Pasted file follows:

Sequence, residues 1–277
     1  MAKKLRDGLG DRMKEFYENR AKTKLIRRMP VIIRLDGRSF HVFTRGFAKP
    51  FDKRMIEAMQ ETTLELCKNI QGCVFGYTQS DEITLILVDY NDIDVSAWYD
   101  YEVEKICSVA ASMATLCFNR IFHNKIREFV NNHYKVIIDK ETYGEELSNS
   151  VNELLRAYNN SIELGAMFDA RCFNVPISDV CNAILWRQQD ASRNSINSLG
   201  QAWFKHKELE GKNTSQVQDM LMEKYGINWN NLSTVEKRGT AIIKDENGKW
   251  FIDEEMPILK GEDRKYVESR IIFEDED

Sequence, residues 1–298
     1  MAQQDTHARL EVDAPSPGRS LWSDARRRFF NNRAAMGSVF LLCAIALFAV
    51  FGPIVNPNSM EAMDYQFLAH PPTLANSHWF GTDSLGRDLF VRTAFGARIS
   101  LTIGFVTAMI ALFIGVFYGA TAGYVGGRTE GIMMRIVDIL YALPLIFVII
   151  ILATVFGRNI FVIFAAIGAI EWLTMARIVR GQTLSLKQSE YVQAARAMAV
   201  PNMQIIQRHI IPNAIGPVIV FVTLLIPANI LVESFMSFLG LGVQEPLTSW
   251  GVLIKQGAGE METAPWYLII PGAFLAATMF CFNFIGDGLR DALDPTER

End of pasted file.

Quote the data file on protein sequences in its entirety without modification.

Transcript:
Sequence, residues 1–277
     1  MAKKLRDGLG DRMKEFYENR AKTKLIRRMP VIIRLDGRSF HVFTRGFAKP
    51  FDKRMIEAMQ ETTLELCKNI QGCVFGYTQS DEITLILVDY NDIDVSAWYD
   101  YEVEKICSVA ASMATLCFNR IFHNKIREFV NNHYKVIIDK ETYGEELSNS
   151  VNELLRAYNN SIELGAMFDA RCFNVPISDV CNAILWRQQD ASRNSINSLG
   201  QAWFKHKELE GKNTSQVQDM LMEKYGINWN NLSTVEKRGT AIIKDENGKW
   251  FIDEEMPILK GEDRKYVESR IIFEDED

Sequence, residues 1–298
     1  MAQQDTHARL EVDAPSPGRS LWSDARRRFF NNRAAMGSVF LLCAIALFAV
    51  FGPIVNPNSM EAMDYQFLAH PPTLANSHWF GTDSLGRDLF VRTAFGARIS
   101  LTIGFVTAMI ALFIGVFYGA TAGYVGGRTE GIMMRIVDIL YALPLIFVII
   151  ILATVFGRNI FVIFAAIGAI EWLTMARIVR GQTLSLKQSE YVQAARAMAV
   201  PNMQIIQRHI IPNAIGPVIV FVTLLIPANI LVESFMSFLG LGVQEPLTSW
   251  GVLIKQGAGE METAPWYLII PGAFLAATMF CFNFIGDGLR DALDPTER